Along a similar vein, when you’re recruiting talent to create branded content, ensure you’re transparent with candidates about the project’s business objectives. An artist or writer may not personally agree with a corporation’s stance on the topic of the content—an issue that can lead to significant production delays if not nipped in the bud. It’s worth having those talks early on, and even giving creatives the option of using a pen name for their marketing work, so they don’t have to align their name with the brand’s perspective.
Savvy marketers seek social media influencers to contribute to their content initiatives. It’s great for expanding the content’s reach when the contributor shares their work, and the relationship can be a selling point to stakeholders. This strategy sounds like a no-brainer, right? Not always.
In some cases, social sharing is a win-win scenario, where the contributor and brand both get to expand their audiences. However, as content marketing attracts artistic talent from other disciplines, those artists have to ask themselves whether they want content marketing to be a prevalent aspect of their personal brand. At the end of the day, the content creator has control over how they position their corpus online.
If, for example, you hire a filmmaker with a little clout to create a video series, they may not want to share their marketing work on the same channels as their short films—despite how much you’d like the eyeballs of their 45,000 followers. This is another important conversation to have early on if your project relies on content creators to build social traffic. Never feel entitled to a content creator’s followers; their audience is an asset that you have to negotiate access to. It’s a process built on trust that begins with showing you understand and respect their craft and their fans.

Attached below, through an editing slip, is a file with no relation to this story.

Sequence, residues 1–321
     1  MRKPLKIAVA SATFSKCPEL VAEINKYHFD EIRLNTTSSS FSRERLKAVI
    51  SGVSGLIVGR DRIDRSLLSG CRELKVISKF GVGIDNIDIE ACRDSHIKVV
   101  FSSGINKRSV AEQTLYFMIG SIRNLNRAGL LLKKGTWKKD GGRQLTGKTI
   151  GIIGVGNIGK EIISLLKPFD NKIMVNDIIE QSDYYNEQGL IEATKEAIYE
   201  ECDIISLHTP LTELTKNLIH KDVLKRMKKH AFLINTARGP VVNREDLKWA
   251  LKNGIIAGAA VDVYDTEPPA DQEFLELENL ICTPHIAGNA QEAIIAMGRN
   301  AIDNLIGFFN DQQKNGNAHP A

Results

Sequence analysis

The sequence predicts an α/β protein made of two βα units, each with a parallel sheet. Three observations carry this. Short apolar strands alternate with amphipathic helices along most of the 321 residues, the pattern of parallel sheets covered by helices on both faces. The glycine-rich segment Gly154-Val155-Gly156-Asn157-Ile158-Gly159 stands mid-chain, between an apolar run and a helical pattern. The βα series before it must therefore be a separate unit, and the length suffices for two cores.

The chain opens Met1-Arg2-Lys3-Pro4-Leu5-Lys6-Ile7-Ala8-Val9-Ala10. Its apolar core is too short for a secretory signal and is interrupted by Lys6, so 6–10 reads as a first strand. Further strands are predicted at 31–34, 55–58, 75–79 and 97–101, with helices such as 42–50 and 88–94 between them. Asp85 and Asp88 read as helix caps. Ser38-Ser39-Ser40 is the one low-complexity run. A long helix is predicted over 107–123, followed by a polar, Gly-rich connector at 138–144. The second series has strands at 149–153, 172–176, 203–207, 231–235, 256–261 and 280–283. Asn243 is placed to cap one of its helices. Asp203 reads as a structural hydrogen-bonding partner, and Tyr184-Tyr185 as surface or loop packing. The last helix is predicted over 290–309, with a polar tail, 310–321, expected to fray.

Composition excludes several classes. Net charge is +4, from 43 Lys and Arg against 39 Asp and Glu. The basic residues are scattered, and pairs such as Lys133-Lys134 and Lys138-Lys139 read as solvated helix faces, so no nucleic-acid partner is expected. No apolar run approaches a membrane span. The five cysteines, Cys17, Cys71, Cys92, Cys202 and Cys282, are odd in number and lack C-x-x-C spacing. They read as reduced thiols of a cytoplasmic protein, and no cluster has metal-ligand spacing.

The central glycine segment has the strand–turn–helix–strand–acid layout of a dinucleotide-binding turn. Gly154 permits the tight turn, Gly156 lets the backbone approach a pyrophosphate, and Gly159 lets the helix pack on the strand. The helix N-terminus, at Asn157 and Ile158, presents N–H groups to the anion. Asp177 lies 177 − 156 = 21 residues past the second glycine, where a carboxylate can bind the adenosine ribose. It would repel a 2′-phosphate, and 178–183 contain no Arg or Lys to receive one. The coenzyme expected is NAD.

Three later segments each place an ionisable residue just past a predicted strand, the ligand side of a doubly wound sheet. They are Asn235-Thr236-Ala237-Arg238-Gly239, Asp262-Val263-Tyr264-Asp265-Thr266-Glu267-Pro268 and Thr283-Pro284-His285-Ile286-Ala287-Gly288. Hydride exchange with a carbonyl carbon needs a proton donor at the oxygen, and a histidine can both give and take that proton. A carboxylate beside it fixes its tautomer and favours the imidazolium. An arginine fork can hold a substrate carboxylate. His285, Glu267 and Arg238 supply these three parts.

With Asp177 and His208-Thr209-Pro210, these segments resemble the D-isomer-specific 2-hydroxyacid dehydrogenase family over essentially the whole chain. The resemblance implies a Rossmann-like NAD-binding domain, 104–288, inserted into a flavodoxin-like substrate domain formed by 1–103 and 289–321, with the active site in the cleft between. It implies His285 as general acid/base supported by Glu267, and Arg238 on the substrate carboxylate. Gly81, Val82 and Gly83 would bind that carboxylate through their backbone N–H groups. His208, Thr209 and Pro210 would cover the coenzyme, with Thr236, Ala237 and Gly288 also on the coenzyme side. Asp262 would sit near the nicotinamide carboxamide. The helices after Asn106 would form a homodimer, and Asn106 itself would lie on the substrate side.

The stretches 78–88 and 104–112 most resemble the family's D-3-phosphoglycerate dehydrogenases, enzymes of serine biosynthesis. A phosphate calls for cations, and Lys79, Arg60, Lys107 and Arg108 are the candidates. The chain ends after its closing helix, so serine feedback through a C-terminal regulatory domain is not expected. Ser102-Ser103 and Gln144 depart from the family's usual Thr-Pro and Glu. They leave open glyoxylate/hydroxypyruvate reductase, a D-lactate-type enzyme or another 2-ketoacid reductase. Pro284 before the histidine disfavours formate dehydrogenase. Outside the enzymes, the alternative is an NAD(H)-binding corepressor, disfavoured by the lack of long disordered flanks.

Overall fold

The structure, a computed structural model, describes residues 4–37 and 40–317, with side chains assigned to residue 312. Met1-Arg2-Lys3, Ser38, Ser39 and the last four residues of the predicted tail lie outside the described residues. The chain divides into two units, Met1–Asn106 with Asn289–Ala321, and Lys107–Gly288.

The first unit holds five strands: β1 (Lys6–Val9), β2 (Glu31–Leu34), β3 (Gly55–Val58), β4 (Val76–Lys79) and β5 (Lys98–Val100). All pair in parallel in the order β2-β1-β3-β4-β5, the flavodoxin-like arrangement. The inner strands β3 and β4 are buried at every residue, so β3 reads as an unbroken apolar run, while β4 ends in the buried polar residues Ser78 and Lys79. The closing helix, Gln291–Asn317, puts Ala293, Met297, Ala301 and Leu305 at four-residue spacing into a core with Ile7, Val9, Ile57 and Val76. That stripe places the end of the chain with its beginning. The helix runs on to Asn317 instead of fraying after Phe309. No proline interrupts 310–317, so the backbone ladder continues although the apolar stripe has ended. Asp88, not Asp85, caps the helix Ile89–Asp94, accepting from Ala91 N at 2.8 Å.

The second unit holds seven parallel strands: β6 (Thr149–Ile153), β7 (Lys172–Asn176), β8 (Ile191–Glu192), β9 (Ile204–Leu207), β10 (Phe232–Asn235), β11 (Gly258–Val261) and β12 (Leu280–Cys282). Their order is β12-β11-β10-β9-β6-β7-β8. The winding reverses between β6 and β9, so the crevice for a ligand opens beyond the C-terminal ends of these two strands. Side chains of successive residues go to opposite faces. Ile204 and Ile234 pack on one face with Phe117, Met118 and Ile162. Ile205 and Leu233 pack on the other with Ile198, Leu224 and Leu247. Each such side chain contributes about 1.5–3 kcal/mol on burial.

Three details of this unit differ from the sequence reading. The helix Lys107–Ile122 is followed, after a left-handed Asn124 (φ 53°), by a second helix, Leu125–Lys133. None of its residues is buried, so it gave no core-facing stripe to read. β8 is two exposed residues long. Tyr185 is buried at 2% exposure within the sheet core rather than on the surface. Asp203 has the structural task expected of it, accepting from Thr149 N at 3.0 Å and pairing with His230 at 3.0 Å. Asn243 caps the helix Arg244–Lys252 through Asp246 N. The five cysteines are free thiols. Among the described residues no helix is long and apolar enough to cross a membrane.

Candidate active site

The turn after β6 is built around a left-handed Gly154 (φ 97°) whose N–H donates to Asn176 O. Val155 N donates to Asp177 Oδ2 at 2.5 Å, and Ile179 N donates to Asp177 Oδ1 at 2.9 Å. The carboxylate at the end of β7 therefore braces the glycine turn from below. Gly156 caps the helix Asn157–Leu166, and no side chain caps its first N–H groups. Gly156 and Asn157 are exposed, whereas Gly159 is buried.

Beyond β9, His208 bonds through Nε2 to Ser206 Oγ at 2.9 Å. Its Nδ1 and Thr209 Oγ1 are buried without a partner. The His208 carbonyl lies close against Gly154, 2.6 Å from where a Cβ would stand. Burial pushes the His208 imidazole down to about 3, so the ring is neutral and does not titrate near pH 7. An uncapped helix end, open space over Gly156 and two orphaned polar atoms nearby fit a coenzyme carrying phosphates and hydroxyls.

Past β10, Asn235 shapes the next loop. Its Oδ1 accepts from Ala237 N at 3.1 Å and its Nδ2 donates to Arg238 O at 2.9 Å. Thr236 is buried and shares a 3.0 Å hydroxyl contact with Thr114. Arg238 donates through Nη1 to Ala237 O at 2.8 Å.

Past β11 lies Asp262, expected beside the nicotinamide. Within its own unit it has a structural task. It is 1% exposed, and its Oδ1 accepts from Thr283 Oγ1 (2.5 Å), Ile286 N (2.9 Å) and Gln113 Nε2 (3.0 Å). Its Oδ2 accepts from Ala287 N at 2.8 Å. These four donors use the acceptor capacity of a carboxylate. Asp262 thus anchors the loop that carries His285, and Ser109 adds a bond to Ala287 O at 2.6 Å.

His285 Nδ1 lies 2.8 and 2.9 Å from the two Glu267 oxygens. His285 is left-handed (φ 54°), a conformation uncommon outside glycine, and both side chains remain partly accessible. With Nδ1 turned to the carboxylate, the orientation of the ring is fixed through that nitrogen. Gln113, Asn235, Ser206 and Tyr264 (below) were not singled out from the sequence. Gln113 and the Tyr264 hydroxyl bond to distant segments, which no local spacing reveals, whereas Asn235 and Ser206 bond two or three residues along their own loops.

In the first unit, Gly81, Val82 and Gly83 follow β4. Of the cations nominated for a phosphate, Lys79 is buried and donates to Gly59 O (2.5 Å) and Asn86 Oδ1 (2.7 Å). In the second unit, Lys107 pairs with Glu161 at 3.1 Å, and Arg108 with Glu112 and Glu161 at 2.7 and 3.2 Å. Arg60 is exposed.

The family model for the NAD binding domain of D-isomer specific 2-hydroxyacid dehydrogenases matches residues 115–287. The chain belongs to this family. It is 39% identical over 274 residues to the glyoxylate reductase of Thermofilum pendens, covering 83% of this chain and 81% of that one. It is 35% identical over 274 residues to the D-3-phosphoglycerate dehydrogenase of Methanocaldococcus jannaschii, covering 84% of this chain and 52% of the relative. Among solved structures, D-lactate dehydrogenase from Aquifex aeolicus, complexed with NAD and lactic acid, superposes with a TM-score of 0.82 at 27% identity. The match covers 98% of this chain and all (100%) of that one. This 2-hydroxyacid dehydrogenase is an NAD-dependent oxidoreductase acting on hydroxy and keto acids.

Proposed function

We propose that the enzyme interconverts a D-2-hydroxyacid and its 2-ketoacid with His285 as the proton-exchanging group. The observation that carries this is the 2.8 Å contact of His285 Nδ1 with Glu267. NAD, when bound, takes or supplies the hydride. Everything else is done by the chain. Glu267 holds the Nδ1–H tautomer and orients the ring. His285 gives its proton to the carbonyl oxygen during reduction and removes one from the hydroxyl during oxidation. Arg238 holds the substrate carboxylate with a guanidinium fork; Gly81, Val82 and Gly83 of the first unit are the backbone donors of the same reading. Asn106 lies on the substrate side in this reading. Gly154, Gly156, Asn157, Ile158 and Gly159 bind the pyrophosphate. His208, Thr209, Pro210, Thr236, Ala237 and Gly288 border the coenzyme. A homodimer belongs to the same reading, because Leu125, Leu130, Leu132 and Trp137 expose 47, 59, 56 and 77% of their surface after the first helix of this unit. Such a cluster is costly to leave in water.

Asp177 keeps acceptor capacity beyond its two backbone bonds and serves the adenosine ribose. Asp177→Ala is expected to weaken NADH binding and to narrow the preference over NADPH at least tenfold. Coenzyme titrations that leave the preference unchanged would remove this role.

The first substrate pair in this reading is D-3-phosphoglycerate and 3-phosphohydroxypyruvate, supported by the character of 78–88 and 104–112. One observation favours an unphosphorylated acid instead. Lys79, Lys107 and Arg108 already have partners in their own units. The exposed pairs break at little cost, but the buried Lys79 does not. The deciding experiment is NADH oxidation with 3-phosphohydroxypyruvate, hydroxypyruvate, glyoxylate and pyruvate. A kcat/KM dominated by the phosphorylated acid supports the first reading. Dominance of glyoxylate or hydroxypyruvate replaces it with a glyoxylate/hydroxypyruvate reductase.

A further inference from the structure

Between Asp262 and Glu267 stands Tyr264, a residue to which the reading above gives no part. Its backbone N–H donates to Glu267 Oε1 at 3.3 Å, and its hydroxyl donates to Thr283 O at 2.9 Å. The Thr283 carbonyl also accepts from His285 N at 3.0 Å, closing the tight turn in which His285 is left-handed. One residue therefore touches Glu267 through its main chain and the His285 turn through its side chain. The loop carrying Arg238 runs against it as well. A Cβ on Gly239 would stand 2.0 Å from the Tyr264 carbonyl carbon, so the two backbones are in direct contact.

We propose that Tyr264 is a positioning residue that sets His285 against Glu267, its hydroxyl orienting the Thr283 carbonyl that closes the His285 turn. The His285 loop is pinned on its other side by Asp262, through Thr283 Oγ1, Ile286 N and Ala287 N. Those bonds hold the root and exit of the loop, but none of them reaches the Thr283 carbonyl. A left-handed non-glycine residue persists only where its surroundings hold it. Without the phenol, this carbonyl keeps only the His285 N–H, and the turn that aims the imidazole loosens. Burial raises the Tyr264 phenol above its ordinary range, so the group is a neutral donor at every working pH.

You sought artistic talent for a reason—give them a creative license wherever you can. Even if you can’t shake up your strategy too much right now, you can invite your broader creative team to share ideas by hosting a regular brainstorm. You may never use the brainstorm material, but the practice will help get everyone’s creative juices flowing. It’ll also convey to your creative team that you value their talent and expertise.
Image attribution: Eric Ward
Similarly, don’t assume that your audience isn’t ready for something new. Challenge them. Challenge yourself to give them more of a creative play space while they experience your content. This might entail creating new media to carry your messages. Lean on your creative team to help refine and realize your visions for new content types as the digital landscape evolves.
As the industry expands, content marketers can learn a lot from the arts, and artists can find consistent clients in the content marketing field. Despite branded and non-branded content sometimes occupying the same audience’s attention, there is a symbiosis that artists and marketers can strike. To best coexist with other creative content online, branded art should be transparent. Marketers should also take a step back and appreciate the key differences in their disciplines and negotiate lasting relationships with artists and their audiences.
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Featured image attribution: Parker Gibbons